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Deep Learning Enables Real-Time Imaging Around Corners

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A team of U.S. researchers has created a laser-based system able to image around corners in real time. With further development, the system may allow self-driving cars to look around parked cars or busy intersections to see hazards or pedestrians. The technology could also be installed on satellites and spacecraft for tasks such as capturing images inside a cave on an asteroid.

The system uses a commercially available camera sensor and a powerful laser source. The laser beam bounces off a visible wall onto the hidden object and then back onto the wall, creating an interference pattern known as a speckle pattern, which encodes the shape of the hidden object.
Researchers used deep learning to create a new laser-based system that can image around corners in real time. The systems might one day let self-driving cars 'look' around parked cars or busy intersections to not only see cars but also read license plates. Courtesy of Felix Heide, Princeton University.
Researchers used deep learning to create a new laser-based system that can image around corners in real time. The system may one day enable self-driving cars to 'look' around parked cars or busy intersections to see cars and even read license plates. Courtesy of Felix Heide/Princeton University.

Reconstructing the hidden object from the speckle pattern requires solving a challenging computational problem. Short exposure times are necessary for real-time imaging but produce too much noise for existing algorithms to work. To solve this problem, the researchers turned to deep learning.

“Compared to other approaches, our non-line-of-sight imaging system provides uniquely high resolutions and imaging speeds,” said research team leader Christopher Metzler from Stanford and Rice Universities. “These attributes enable applications that wouldn’t otherwise be possible, such as reading the license plate of a hidden car as it is driving, or reading a badge worn by someone walking on the other side of a corner.”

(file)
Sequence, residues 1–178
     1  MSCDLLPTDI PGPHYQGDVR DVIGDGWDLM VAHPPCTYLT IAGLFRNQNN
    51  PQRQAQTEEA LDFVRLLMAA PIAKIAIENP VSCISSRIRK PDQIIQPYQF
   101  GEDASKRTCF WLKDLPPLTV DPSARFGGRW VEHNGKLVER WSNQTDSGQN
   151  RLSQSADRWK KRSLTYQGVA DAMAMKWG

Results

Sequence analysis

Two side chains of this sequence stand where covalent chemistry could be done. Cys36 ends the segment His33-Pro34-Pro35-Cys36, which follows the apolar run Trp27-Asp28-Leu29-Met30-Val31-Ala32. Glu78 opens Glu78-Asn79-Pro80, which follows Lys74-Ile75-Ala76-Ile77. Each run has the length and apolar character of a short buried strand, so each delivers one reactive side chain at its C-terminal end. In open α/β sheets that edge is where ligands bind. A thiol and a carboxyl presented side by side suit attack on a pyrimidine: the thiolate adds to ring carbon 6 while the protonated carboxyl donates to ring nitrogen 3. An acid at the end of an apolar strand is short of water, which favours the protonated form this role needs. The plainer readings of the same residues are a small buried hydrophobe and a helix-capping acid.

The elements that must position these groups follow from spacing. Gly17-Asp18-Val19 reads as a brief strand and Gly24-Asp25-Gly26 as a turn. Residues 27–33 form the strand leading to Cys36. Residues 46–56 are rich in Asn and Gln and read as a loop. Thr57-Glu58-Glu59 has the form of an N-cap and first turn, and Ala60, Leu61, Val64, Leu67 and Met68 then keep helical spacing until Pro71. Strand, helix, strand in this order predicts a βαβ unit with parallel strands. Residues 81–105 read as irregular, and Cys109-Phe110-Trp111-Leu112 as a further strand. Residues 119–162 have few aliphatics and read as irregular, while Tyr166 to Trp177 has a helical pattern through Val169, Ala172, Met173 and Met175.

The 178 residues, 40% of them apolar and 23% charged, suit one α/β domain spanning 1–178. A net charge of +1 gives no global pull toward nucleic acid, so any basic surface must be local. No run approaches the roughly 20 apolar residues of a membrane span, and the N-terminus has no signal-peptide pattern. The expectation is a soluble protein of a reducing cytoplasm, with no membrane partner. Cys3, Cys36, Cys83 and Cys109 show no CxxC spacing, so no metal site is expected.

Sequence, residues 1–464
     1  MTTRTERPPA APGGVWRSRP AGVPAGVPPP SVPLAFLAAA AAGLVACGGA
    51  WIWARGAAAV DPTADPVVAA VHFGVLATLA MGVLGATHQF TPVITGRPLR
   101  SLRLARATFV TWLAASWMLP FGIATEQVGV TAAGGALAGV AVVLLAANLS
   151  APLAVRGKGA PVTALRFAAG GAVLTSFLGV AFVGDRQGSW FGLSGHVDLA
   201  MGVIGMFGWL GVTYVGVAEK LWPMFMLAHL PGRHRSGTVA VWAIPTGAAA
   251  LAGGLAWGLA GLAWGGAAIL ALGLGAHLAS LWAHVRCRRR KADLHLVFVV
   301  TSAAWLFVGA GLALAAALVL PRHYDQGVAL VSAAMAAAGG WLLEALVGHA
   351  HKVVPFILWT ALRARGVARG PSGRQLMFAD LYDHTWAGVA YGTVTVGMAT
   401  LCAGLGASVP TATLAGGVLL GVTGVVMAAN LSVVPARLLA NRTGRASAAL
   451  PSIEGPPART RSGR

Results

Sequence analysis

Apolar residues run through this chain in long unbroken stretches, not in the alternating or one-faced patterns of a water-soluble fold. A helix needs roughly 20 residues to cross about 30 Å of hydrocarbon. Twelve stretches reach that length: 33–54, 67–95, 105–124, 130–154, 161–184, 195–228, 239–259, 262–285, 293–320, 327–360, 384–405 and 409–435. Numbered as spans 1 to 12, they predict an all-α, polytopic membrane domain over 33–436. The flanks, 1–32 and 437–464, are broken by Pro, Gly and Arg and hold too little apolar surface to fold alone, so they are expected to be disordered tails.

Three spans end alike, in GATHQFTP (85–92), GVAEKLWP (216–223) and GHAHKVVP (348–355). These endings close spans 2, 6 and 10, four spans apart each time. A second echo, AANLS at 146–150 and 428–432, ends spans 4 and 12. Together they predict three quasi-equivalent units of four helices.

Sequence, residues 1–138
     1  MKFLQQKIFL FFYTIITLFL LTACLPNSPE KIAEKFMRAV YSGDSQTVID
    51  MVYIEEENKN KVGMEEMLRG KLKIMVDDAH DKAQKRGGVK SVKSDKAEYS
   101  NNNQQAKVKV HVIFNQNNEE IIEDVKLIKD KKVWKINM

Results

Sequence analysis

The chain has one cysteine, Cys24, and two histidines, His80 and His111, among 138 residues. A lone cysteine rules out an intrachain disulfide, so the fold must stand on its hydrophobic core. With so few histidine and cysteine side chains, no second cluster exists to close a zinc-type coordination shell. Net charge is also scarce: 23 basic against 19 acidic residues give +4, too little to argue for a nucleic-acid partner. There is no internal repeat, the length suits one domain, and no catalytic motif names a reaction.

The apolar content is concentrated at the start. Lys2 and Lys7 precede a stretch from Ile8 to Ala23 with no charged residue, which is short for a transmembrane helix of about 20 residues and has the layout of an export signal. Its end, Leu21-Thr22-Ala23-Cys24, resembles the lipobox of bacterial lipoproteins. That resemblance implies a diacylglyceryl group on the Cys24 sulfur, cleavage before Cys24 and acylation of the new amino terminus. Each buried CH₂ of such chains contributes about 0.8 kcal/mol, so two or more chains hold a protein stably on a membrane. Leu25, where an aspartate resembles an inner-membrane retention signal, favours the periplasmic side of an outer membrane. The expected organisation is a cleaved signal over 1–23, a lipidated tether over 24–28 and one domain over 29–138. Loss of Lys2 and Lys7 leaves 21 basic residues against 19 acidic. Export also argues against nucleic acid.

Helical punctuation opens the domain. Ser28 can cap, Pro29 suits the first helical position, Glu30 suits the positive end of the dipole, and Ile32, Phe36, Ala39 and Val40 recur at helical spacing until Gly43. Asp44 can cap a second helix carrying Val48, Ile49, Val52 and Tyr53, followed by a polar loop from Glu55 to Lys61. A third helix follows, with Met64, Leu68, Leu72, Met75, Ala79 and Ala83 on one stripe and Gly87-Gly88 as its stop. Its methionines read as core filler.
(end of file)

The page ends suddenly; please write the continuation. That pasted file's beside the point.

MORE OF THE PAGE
The system, constructed by Metzler and colleagues from Princeton, Southern Methodist, and Rice Universities, can distinguish submillimeter details of a hidden object from 1 m away. Designed to image small objects at very high resolutions, it can also be combined with other imaging systems that produce low-resolution room-size reconstructions.

“Non-line-of-sight imaging has important applications in medical imaging, navigation, robotics, and defense,” said co-author Felix Heide from Princeton University. “Our work takes a step toward enabling its use in a variety of such applications.”

The researchers tested the technique by reconstructing images of 1-cm-tall letters and numbers hidden behind a corner, using an imaging setup about 1 m from the wall. Using an exposure length of a quarter of a second, the approach was able to produce reconstructions with a resolution of 300 µm.

The research is part of DARPA’s Revolutionary Enhancement of Visibility by Exploiting Active Light-fields (REVEAL) program, which is developing a variety of techniques to image hidden objects around corners.

The research was published in Optica (
Jan 2020
Research & Technologylasersnon-line-of-sight imagingDARPAcamerassensorsStanfordStanford UniversityRice UniversitySouthern Methodist UniversityPrinceton Universitydeep learningimagingSensors & Detectorsautonomous vehiclesThe News Wire

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